Chinese Army Think-Tank Says Arctic Energy Would Help Economy


BEIJING, June 18 (Reuters) - Oil and gas resources in the Arctic are an important resource to guarantee China's sustained economic growth and the country should actively look at developing it, state media on Wednesday cited a Chinese military think-tank as saying.

The Arctic Council agreed in May last year to admit emerging powers China and India as observers, reflecting growing global interest in the trade and energy potential of the planet's Far North.

The organisation, which coordinates Arctic policy, is gaining influence as sea ice thaws to open up trade routes and intensify competition for oil and gas - estimated at 15 percent and 30 percent respectively of undiscovered reserves.

The Defence Policy Research Centre of the Academy of Military Sciences of the People's Liberation Army singled out the Arctic as one of the chapters of an annual strategic assessment.

"The Arctic region has rich oil and gas resources and quick and convenient shipping conditions, which has important meaning for ensuring the sustained development of China's economy," the centre said in its report, according to excerpts published by the official China News Service.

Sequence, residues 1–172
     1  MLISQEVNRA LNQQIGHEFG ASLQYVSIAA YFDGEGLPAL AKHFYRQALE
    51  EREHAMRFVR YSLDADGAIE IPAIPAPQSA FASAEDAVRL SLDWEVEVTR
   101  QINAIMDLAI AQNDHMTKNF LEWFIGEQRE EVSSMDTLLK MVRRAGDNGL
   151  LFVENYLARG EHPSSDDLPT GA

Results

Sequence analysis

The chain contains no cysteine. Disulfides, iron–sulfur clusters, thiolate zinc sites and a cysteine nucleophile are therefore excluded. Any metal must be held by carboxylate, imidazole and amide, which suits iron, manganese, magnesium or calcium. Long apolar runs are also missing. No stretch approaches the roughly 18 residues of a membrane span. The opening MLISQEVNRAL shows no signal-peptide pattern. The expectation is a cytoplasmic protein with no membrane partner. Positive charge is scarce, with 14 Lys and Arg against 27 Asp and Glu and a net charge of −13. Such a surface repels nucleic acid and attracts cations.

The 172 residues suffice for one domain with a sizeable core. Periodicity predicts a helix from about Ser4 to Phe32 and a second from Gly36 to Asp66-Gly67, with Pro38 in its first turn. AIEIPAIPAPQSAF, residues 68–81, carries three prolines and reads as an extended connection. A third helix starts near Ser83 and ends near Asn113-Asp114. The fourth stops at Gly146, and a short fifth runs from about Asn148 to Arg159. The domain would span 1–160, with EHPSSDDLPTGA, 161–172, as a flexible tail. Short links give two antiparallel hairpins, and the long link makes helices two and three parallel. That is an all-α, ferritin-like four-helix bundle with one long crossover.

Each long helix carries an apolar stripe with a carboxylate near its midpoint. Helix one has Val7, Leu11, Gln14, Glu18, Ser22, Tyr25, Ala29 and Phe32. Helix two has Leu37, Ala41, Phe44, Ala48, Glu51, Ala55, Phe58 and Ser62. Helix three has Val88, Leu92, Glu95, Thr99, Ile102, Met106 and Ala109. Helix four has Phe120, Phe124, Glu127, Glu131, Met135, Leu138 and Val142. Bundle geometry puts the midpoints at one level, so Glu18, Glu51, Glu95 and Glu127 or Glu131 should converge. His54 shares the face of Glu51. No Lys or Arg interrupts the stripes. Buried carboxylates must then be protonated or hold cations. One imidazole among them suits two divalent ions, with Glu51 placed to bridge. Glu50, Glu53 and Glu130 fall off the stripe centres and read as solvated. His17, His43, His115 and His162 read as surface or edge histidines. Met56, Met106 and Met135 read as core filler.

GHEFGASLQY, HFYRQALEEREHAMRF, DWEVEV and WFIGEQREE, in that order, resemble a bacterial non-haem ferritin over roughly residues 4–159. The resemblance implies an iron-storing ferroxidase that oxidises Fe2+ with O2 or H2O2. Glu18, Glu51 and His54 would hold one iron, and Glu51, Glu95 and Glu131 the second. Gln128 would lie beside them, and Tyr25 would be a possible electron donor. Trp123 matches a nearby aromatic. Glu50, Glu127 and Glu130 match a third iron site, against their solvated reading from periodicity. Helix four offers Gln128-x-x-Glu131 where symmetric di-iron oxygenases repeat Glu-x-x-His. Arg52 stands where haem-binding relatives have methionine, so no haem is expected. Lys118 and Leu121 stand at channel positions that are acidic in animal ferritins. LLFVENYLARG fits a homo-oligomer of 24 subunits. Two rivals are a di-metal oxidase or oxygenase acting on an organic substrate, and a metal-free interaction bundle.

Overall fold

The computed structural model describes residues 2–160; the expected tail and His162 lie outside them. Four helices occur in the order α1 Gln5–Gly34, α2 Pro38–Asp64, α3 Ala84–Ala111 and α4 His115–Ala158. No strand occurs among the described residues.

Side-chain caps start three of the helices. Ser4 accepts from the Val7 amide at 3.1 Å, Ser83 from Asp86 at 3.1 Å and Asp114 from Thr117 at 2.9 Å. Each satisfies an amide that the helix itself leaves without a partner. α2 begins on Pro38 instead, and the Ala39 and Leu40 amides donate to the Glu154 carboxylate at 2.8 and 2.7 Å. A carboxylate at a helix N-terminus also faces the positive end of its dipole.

"The Arctic region could become an important supply base in the future for China's overseas oil. China will ... open cooperation with Arctic countries with energy supplies."

China relies on overseas oil to help power its economy, now the second-largest in the world, and has long fretted about security of its supplies as so much of it has to flow through the narrow Malacca Strait, linking the Indian Ocean to the Pacific.


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